Wes says that he normally wouldn't try to make pozole at home, since he enjoys going to a mom-and-pop Mexican restaurant to have a bowl over the weekend with chips, tortillas, and all of the usual accoutrements.  But when his craving hit during the pandemic, he decided to look up some recipes and figure out how to make this magical Mexican stew.  We're lucky that we live near some ethnic markets in Altadena.  Baja Ranch Market is our go-to place for legit, thick corn tortillas, cheap produce, and pretty much any Mexican ingredient.  Super King is our place to go for interesting cuts of meats and of course, more produce.  Fortunately, we two inexperienced Chinese people were able to get everything we needed to make pozole!  Ah, but we did have to return to the market for more hominy.  Lots more.  We underestimated how much was in that can...and Wes loves hominy.  We still are not sure what the difference is between pozole and menudo, but Wes has made this recipe twice, and the second time he added tripe.  I think that it's more commonly seen in menudo, but anyway, nobody's stopping him from adding it into this pozole recipe.  Customization is the beauty of cooking at home!  I really enjoyed the rich, multi-dimensional taste of this hot red Mexican pork stew, and all of the toppings that Wes served it with made for an even more customizable flavor profile.  So anyway, here is the recipe and method, adapted from a recipe on the Food Network.

Friday, May 22, 2020

Quarantine Cooking Series: Ikea Meatballs

Everybody's favorite part about going to Ikea is the delicious and economical Swedish meatball plate, right??  Wes found the recipe online somehow (and yes, it actually looks like their signature furniture building instructions) and we knew that this was something we needed to attempt.  These delicious balls are a mixture of ground beef and pork, and the surprising cream sauce ingredient was soy sauce.  We modified it just a touch by adding chopped parsley.  We also crumbled the lonely chunk of white bread stashed in the back of the fridge that Wes made last week for the bread crumbs.  While we had no lingonberry jam, we found that it was not necessary to creating the authentic Ikea experience.  The balls themselves were 100% just as awesome as the Ikea ones, if not better because they were freshly made at home.  So, this recipe is not a knockoff--it's the real deal!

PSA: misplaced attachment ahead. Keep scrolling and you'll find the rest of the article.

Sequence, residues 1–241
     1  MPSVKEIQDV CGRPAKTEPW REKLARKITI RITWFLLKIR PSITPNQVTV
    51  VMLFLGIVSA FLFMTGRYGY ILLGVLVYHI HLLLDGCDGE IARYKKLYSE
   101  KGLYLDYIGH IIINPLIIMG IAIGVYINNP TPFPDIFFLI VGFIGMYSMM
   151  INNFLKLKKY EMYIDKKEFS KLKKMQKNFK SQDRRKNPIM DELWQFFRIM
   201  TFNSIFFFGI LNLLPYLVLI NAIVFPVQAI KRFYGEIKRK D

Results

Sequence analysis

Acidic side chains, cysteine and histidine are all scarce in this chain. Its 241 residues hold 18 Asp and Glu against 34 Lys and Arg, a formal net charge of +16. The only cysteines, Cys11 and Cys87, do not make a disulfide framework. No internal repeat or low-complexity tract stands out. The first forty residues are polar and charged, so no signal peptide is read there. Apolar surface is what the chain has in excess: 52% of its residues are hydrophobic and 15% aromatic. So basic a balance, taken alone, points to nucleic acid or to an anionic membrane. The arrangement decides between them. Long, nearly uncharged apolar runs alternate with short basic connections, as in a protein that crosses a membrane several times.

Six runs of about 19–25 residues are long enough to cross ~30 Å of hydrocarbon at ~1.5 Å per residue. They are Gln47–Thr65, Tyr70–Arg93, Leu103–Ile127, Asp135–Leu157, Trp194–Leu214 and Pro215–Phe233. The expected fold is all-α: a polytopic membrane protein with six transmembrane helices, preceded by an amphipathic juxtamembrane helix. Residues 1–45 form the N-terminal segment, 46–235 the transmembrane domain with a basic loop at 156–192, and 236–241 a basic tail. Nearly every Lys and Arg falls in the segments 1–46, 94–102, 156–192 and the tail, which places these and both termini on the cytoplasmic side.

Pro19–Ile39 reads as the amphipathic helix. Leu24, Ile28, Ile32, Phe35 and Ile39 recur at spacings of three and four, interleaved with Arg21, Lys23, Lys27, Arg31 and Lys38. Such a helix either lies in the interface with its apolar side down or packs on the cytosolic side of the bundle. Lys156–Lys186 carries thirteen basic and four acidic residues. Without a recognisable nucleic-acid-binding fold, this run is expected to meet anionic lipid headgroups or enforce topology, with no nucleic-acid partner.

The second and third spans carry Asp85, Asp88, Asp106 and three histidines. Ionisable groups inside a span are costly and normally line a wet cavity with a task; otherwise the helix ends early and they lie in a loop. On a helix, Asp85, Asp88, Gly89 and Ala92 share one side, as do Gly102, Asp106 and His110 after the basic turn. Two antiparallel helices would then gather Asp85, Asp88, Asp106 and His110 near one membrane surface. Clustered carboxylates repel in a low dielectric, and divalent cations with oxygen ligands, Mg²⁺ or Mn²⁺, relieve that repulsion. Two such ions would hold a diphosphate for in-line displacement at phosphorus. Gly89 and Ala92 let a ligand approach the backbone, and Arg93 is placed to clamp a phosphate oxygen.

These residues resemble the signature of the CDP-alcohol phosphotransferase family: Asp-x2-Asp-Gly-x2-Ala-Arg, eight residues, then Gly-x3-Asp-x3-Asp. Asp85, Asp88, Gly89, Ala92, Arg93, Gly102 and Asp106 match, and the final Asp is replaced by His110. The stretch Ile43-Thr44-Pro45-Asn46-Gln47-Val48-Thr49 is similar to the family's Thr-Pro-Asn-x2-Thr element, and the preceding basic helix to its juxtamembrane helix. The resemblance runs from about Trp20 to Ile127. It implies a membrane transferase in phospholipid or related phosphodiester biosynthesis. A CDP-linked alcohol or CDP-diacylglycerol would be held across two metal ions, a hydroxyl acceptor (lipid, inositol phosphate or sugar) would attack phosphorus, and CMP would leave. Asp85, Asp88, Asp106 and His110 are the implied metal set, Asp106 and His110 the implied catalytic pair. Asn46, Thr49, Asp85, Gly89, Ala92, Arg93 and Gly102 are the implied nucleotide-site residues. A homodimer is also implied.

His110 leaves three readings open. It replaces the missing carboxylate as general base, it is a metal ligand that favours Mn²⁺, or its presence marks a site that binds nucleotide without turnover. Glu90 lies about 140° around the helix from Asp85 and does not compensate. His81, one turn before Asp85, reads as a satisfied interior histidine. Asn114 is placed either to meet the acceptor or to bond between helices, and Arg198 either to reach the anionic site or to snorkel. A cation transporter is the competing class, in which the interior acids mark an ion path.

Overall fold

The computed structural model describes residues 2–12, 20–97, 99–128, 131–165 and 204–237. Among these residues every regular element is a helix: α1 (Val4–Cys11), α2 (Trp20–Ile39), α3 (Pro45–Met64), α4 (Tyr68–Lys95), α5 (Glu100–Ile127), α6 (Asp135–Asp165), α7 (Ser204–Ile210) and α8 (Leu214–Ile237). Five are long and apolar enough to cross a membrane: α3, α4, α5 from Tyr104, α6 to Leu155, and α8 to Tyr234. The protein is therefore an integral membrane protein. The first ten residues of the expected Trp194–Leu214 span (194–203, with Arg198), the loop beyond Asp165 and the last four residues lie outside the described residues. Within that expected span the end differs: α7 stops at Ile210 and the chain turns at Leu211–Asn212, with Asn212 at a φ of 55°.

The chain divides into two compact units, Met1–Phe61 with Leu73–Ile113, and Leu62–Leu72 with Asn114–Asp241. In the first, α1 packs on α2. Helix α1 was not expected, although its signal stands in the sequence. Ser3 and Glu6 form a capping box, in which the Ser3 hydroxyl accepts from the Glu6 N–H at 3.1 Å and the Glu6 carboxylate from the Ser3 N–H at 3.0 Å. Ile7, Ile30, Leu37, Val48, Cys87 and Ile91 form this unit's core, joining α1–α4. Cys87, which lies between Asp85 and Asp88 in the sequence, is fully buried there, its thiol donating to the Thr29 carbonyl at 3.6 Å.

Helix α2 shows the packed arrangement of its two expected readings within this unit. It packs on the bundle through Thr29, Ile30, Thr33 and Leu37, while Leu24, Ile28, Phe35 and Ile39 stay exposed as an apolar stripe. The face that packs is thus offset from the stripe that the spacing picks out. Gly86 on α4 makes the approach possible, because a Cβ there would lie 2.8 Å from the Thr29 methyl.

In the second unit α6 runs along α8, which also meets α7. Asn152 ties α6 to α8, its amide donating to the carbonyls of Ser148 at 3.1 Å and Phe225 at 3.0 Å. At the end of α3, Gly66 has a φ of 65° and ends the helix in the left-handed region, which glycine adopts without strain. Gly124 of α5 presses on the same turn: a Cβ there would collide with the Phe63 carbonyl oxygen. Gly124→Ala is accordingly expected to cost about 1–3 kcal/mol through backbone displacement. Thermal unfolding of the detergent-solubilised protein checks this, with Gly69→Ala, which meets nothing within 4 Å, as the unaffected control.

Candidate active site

(Click to enlarge)

Sunday, May 10, 2020

Quarantine Cooking Series: Osso Buco with Polenta

This pandemic has forced us to get really creative with our virtual hangouts.  My sister had the fantastic idea of cooking a recipe together on Mother's Day.  It was the perfect activity for the family to do together remotely--everyone was able to participate, my brother on the East Coast could join, and my mom got a much-needed taste of non-Chinese food.  Also, we gifted her a brand new Dutch oven, so she was able to make use of it right away!

Aerial view of our stovetop from the portable webcam

My brother is teaching my dad how to open a bottle of wine, lol

A photo of us from my mom's perspective, in her kitchen.

We knew that my mom was sick and tired of her Chinese cooking with all of the restaurants being closed, so we had to think of something to make that was not Asian.  Wes and I often make osso buco in our Dutch oven, so it was the first idea that came to mind for me to suggest.  Everyone was on board, so we each grabbed our own ingredients and clicked into Google Meets on Sunday.  We had everything prepped and spread out, a laptop on the kitchen counter, and a webcam mounted to the top of the stove.  It was definitely the first time we've ever done this.  It was super fun to do this together, and then we all shared photos of our completed dishes when we were done!  We opted to make polenta to go with it this time, but pasta and crusty bread are two other great accompaniments to this dish.

Thursday, May 7, 2020

Quarantine Cooking Series: Smoked Brisket, Chicken, and White Bread

Since the start of the stay-at-home order, Wes has been bugging me to let him smoke a brisket.  I have nothing against succulent, tender barbecue, but I know how big briskets come.  Big.  No, sorry Wes, but I don't think two people can (or should) try to finish a 15-pound piece of beef.  He was fine with that answer, but it became a running joke of the pandemic between us.  One day, he was at Costco and actually saw a "small" brisket.  He excitedly took it upon himself to grab it without permission and came home with all 11 pounds of glory.  I wanted to slap him with it, but he said that we would share it with our parents for Mother's Day.  Okay, okay, okay.  Plus, if this is what gets him excited these days, why not?